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Men Are Struggling to Find Themselves, Psychologist Says

January 15, 1986|MIKE GRANBERRY | Times Staff Writer

ENCINITAS — Men seem to be walking a tightrope these days.

On one hand, they're given models like Alan Alda and Phil Donahue, those oh-so-sensitive media darlings. On the other, they're staring straight in the face of Rambos and commandoes, Libyan hit men, space-walking astronauts and, of course, those lovable Chicago Bears.

Men don't much know who they are anymore, or what in the name of "Dress for Success" they're supposed to be. It's as though they've given up "their center," in the words of North County psychologist Ken Druck.

Druck is a ruggedly handsome, red-haired father of two girls, ages 11 and 8 1/2. He's also the author of "The Secrets Men Keep: Breaking the Silence Barrier," a book that seems to be touching a nerve nationwide or at least rattling the cages of a zoo full of male psyches.

Druck is a ruggedly handsome, red-haired father of two girls, ages 11 and 8 1/2. He's also the author of "The Secrets Men Keep: Breaking the Silence Barrier," a book that seems to be touching a nerve nationwide or at least rattling the cages of a zoo full of male psyches.

Druck, 36, is "doing" all the big talk shows--"Hour Magazine," "The Donahue Show" and "Sally Jessy Raphael." What he considers just as important, if not more so, are his nationwide seminars, "Alive and Male."

"Alive and Male" brings to a common forum men from all walks of life, in towns and cities all over the country. Druck has learned some amazing things, he says, and from those bits of knowledge sprang the framework of "The Secrets Men Keep."

As Druck writes in the book, "Men no longer know what it means to be a man." Sylvester Stallone may be saying the same thing, but he has a different idea.

Men who cling to images of "Rambo" and "Commando" are not much different from workaholics in three-piece suits, Druck said. All are confused, "beaten up and desensitized," he said, from having been "over-scrutinized" by a society prepped on the women's movement.

Men are in crisis, he said, (as are women) but rather than being on the forefront of peril, Druck sees "opportunities for exploration"--a chance for men to free themselves from the shackles of secrets and learn to master the "language of emotion." It's a language, he said, that most never speak.

In their web of confusion, men are learning that the old ways weren't right: "We learned that such traits as toughness, rationality, aggression, competitiveness, self-reliance and control over our emotions were positive for men, whereas tenderness, emotional sensitivity, dependence, openness to experience and vulnerability were negative."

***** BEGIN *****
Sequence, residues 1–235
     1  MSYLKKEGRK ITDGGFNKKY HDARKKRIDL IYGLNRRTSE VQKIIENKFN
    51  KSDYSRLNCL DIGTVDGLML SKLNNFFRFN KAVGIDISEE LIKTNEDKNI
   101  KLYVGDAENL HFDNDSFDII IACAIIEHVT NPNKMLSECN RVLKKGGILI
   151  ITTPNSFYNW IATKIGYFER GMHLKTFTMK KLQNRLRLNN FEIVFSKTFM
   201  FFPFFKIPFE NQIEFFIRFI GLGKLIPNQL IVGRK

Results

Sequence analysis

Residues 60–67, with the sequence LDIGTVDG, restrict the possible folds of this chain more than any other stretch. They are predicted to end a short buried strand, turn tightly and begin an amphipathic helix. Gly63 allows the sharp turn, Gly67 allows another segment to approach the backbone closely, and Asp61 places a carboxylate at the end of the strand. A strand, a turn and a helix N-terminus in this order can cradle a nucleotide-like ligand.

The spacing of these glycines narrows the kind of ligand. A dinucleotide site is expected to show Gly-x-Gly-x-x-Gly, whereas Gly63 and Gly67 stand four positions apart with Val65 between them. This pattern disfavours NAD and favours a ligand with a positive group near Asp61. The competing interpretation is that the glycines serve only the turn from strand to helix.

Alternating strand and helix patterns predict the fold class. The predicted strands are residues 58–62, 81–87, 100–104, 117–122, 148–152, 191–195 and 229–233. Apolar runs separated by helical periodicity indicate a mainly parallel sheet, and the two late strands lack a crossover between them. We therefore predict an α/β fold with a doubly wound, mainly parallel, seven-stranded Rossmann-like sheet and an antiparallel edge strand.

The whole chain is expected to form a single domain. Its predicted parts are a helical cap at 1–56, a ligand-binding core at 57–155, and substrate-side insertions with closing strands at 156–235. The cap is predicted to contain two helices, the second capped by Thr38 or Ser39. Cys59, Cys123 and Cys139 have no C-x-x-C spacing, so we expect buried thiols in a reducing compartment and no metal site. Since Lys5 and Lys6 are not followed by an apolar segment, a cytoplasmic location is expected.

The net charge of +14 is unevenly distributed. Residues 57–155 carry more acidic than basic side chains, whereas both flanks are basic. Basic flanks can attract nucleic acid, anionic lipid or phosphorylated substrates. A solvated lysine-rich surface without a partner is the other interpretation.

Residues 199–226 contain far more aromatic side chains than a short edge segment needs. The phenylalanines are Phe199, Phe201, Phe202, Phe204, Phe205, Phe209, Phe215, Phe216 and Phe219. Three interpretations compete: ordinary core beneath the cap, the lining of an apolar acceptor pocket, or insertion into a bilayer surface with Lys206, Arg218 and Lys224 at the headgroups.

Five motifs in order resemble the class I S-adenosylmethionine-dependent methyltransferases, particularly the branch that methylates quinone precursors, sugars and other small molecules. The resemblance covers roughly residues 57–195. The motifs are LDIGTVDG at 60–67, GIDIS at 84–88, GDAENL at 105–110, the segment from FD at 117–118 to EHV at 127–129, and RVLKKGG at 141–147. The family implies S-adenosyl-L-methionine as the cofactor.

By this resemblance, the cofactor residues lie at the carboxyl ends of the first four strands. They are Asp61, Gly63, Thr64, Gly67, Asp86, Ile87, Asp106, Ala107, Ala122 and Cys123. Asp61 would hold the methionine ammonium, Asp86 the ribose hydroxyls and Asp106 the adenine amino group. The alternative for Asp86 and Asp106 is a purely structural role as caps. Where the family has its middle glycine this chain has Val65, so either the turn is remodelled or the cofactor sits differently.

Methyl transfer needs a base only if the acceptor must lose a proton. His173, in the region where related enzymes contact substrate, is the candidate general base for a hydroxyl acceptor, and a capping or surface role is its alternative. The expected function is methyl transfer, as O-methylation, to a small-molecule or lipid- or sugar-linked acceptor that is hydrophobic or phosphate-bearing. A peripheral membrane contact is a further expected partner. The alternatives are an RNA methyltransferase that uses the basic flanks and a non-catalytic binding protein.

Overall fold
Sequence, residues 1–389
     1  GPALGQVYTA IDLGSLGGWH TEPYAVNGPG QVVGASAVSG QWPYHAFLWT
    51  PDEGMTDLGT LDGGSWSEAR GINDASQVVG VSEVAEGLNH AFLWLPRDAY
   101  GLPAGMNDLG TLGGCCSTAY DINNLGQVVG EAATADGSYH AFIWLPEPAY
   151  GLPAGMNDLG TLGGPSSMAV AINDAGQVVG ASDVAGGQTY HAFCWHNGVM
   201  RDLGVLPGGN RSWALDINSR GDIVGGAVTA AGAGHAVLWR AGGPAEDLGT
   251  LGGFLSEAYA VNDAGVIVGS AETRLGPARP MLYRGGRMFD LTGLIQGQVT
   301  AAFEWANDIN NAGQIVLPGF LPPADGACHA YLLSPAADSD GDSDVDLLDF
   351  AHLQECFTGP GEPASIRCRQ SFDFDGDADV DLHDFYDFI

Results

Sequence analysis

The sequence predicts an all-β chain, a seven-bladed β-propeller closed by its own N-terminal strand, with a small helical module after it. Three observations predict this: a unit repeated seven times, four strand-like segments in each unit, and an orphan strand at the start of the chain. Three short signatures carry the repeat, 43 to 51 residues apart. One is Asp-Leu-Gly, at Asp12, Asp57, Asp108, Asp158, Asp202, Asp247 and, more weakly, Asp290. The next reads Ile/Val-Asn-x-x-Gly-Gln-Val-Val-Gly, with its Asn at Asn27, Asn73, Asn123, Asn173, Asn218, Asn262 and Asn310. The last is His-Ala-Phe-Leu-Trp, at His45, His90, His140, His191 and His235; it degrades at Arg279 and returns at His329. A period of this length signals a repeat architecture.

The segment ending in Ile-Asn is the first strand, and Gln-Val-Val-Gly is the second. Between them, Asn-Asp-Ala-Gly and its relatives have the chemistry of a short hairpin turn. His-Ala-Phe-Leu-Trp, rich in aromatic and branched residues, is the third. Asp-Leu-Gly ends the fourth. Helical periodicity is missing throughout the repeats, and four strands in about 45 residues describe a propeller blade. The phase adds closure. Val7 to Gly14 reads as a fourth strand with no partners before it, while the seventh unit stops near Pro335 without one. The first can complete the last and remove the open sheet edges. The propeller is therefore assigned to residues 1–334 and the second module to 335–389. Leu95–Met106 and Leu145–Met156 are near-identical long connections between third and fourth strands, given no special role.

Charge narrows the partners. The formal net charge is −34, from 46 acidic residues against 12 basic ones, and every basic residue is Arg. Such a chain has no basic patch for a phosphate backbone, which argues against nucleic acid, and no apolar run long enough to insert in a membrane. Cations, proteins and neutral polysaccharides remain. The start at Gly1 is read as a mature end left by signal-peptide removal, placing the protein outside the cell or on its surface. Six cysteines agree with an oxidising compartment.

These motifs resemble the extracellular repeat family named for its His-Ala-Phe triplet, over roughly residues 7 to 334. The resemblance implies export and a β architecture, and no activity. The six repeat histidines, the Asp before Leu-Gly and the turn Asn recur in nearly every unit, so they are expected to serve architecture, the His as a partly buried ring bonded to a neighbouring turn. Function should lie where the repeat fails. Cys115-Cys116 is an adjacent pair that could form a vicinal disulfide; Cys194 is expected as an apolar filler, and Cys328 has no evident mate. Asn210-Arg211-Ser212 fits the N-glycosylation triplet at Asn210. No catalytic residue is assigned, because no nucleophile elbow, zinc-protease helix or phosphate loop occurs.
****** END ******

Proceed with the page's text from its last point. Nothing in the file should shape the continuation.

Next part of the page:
Men are having to re-learn, Druck said, if only to survive: "Compared with women, we men die younger, suffer a greater incidence of fatal diseases (cancer, cirrhosis of the liver, pneumonia and heart disease) as well as more migraines, ulcers and alcoholism, commit suicide more often and cope less effectively with stress."

Men are finding that openness is better than crying in beer, numbing themselves behind hours of televised sport or, Druck said, wallowing in images of reversion.

Stallone's "Rambo" is a flashback to "something familiar and safe, a reflection," Druck said, "of male insecurities. . . . A lot of men are searching, I think, for the answer: 'How can I validate myself? How can I ever redeem myself for what I've become?' "

Men are frightened, he said, and the secrets they keep are as rampant as whispers at a high-school dance. They keep secrets about fathers (the men who shape the man they become), their children, their wives and, of course, deep dark secrets about their oh-so-mysterious sex lives.

Getting a man to be truly honest about sex, in a context other than conquest, is, Druck said, next to impossible.

But the men at Druck's seminars often find themselves saying they don't always want sex, even with a wonderful partner. They share fears of sexual dysfunction--telling others that impotence, premature ejaculation, et al , are easier to cope with through a no-secrets approach. Most of all, they learn to trust other men, he said, sharing things that go far beyond locker-room or office small talk.

Druck often zeroes in on men needing men as a topic of utmost concern. "Rarely do we see the context," he said, "of two men getting together in a higher-risk higher-payoff situation, where they enjoy being together simply because they enjoy one another's company. It doesn't have to be a ballgame or a beer for men to legitimize affection with each other. There are many more levels of contact. Once men realize those and get in touch with those, their lives are richer, deeper, happier."

One of the ways men getting closer to men brings a payoff, he said, is in their relationships with women. Conventional liaisons, in Druck's words, mean men rarely relate well to men. They high-five and slap backs, he said, but when a need comes for intimate understanding, they turn, almost reflexively, to women.

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